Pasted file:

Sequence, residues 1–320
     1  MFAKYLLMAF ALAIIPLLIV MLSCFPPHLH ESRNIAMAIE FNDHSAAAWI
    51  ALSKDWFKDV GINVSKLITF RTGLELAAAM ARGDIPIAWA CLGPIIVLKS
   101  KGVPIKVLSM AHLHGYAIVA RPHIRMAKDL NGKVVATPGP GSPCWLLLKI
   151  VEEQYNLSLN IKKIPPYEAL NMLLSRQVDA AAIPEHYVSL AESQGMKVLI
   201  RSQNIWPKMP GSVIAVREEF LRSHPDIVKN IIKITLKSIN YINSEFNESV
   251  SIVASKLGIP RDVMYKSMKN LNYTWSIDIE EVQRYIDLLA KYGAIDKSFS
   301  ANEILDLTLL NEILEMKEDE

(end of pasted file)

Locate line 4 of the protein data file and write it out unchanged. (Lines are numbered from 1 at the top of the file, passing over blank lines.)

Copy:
   101  KGVPIKVLSM AHLHGYAIVA RPHIRMAKDL NGKVVATPGP GSPCWLLLKI